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UCP government borrowed over $5B in debt since January

The UCP have borrowed nearly $18 billion a year, 20% more than the NDP borrowed.

Last month, the provincial government updated their Term Debt Issues document, which lists all the term debt they still have outstanding.

It’s been over 2 months since I last wrote about the Alberta government’s term debt, so I thought I’d write this brief update.

During that time, the UCP government traded 12 more term debts:

# of debtsTotal debt
January1$0.750 billion
February4$1.500 billion
March7$2.575 billion
Total12$4.825 billion

Keep in mind that two of the new debts are in Australian dollars, so the total amount that Alberta will end up paying for these—in Canadian dollars—may fluctuate:

  • $100 million, maturing in 2046, 2.4725%
  • $200 million, maturing in 2036, 2.01%

The earliest any of the 12 debts will mature is 2031 (four, in fact). The latest is 2071.

The interest rates on these 12 debts range from 1.65% to 3.9%. However, the effective cost of debt (or the interest rate after tax deductions) ranges from 1.711% to 2.988%.

This new $4.825 billion brings the total term debt traded by the provincial government since the UCP were elected to $34.8 billion, spread out over 74 transactions.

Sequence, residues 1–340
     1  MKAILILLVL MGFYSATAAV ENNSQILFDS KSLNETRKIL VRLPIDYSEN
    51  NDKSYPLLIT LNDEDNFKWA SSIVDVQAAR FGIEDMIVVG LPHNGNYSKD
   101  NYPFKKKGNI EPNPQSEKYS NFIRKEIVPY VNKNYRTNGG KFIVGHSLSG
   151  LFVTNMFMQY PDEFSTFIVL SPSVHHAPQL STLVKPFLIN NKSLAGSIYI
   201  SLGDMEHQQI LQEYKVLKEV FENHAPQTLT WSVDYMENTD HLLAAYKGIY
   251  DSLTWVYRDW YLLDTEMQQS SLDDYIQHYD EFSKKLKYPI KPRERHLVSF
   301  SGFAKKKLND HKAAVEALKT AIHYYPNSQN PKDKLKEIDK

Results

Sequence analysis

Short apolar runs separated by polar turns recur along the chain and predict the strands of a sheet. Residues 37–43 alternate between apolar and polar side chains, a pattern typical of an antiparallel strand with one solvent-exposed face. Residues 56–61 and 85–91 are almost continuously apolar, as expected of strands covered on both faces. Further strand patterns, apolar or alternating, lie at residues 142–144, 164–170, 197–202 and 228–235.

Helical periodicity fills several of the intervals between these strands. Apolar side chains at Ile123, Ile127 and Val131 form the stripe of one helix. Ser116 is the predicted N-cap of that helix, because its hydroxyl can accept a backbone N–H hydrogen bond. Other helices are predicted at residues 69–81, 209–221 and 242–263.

The total amount of term debt owned by Alberta government is a little over $98 billion, a third of which has been issued since the UCP were elected a little over a year and a half ago. About 47% of it was issued during the NDP administration.

Keep in mind, however, that it took the NDP 4 years to rack up $49.72 billion in debt. The UCP have accumulated nearly $30 billion in about 2 years. That gives the NDP an average of $12.43 billion a year, and the UCP an average of $17.39 billion a year.

At this rate, the UCP will have borrowed a total of $69.6 billion during their 4-year term, which will be 40% more than the NDP borrowed during their 4-year term.

By the 2023 election, provincial debt could total as much as $132.6 billion, and the UCP portion would make up 52.5% of it, assuming they keep borrowing at this rate. That’s including subtracting the two debts that mature before then.

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By Kim Siever

Kim Siever is an independent journalist based in Lethbridge, Alberta. He writes daily news stories, focusing on politics and labour.

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